401(k) Rollovers: The Good, The Bad, and The Ugly
The first, and sometimes only, introduction you may have to investing is through your 401(k) plan at work. This could leave you vulnerable from the get-go, although you may not realize it. After all, the 401(k) plan provider is vetted and hired by your company to administer the retirement plan, so most would assume the provider will give you great advice. But a recent Government Accountability Office (GAO) report may lead you to reconsider those assumptions when it comes to how providers handle questions from employees leaving their current companies. The result sometimes sounds a bit more like a sales tactic than pure advice.
When an employee has left a company and wants to get money out of the plan, the only option is to have a conversation with the provider. These providers are usually large insurance or mutual fund companies who make a lot of their money by convincing people to put their investments with them to manage. So if an employee getting ready to leave a company calls up and asks about the 401(k), the person on the other end of the phone has a bit of a bias. Of course they want that 401(k) money rolled over into an IRA managed by their firm.
In fact, many times when our office helps a client with this, we go to the provider’s web site to download a form to start the rollover process and find the only instructions and forms available are to roll the plan into that firm’s accounts. Want to move it somewhere else? No problem, just call and talk to one of their sales people…er…”advisors.”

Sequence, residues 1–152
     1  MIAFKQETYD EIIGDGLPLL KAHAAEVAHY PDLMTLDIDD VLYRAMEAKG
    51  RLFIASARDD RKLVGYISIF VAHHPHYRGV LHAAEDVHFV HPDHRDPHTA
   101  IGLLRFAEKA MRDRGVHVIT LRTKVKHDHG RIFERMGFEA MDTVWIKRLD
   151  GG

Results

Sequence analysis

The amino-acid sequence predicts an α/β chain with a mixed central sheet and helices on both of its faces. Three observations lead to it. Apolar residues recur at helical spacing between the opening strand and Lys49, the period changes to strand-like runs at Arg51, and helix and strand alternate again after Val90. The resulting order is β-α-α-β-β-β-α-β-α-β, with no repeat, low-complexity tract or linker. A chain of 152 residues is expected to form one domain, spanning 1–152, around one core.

But a rollover sometimes isn’t the best option and it is never the only option. So what happens if the employee doesn’t know what to do and calls to ask the provider what they should do about the money in their former employer’s 401(k)? Well, according to the GAO report, it seems that about one-third of the firms recommend the IRA rollover without taking time to find out anything about the employee’s situation or discussing the other options they have. (There were many other troubling things that came out of this investigation, but you get the drift.)
If you are leaving a job and have a 401(k) there, a discussion of options should indeed include a rollover to an IRA. And more often than not this is the best recommendation. But you should also discuss and consider keeping the money where it is, rolling it into your new employer’s plan, or even cashing it out.
While the majority of plan providers seem to do a decent job helping the plan participant navigate an exit strategy, with one-third allowing their greed to get in the way, it is a good idea to do your homework before you make that call or visit a representative.
This article was published in the Wichita Falls Times Record News on May 12, 2013.